Explanatorily prior to God’s conceiving creatures, there are no modal facts about particular creaturely states of affairs at all. Nonetheless, because God has the general power to create creatures, it follows that God’s nature guarantees that possibly creatures exist. Since it is a secular modal truth that possibly creatures exist, Leftow concedes that his view is a very thin, partial deity theory (p. 275). God’s nature alone suffices to make it true that possibly there is something non-divine. In order for particular non-divine things to exist, however, God must first think them up and then decide which of them shall be possible.

On Leftow’s view God’s assignment of modal status to the things He thinks up is guided by His preferences. Apart from preferences concerning moral or perhaps aesthetic value, God’s preferences are not determined by His nature but are brute. In line with His preferences God decides that some things should be possible and others impossible. The former, Leftow (somewhat misleadingly) says, God permits and the others prevents. Leftow provides a nice summary of the explanatory order in the genesis of secular modality (pp. 362-4):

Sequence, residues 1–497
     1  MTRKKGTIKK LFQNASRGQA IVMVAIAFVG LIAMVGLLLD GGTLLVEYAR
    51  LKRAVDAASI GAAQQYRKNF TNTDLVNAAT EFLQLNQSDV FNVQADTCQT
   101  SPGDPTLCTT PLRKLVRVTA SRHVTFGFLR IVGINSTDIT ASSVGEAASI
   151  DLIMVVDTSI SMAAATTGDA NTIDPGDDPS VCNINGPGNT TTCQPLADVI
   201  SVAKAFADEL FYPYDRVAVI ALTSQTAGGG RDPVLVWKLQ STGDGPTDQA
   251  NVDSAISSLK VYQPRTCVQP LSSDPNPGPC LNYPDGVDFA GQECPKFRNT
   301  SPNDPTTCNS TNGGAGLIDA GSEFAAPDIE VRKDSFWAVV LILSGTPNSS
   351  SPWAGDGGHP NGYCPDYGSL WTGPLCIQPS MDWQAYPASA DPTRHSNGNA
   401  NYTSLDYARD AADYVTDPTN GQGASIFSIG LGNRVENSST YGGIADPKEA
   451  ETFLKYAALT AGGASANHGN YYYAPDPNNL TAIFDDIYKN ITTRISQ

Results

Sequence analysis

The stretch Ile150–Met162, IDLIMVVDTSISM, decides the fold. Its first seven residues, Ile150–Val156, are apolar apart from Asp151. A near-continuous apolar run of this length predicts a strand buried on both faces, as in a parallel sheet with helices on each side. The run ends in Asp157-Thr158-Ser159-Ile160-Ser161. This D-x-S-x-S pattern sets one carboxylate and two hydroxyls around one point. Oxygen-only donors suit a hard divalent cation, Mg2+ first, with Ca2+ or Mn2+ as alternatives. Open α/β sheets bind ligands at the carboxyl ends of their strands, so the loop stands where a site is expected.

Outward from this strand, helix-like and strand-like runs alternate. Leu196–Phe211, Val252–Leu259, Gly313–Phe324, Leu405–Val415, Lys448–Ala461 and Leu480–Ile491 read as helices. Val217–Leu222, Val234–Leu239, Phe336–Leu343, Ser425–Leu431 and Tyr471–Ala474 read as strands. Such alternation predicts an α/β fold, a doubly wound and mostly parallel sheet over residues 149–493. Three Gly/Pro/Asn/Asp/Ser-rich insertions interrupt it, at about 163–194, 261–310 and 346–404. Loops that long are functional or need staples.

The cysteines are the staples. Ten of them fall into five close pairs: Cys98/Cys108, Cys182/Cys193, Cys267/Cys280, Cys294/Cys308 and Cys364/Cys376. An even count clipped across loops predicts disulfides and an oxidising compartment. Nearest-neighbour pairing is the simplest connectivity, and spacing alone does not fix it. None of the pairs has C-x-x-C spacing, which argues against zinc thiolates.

(i) God exists wholly alone. There are no other concreta. There is nothing abstract outside Him. God has the power to create, and so it is possible that there be some creature or other, but there are no states of affairs involving determinant creatures.

(ii) God thinks up states of affairs involving determinate creatures.

(iii) God notes any good- or bad-making features these states would have, were they to obtain.

(iv) If the states would have good- or bad-making features, God takes attitudes toward (has preferences concerning) their obtaining. If they would not have such features, God takes no attitude toward their obtaining.

(v) Given His approval, disapproval, or neutrality, God decides whether to permit or prevent the various states of affairs.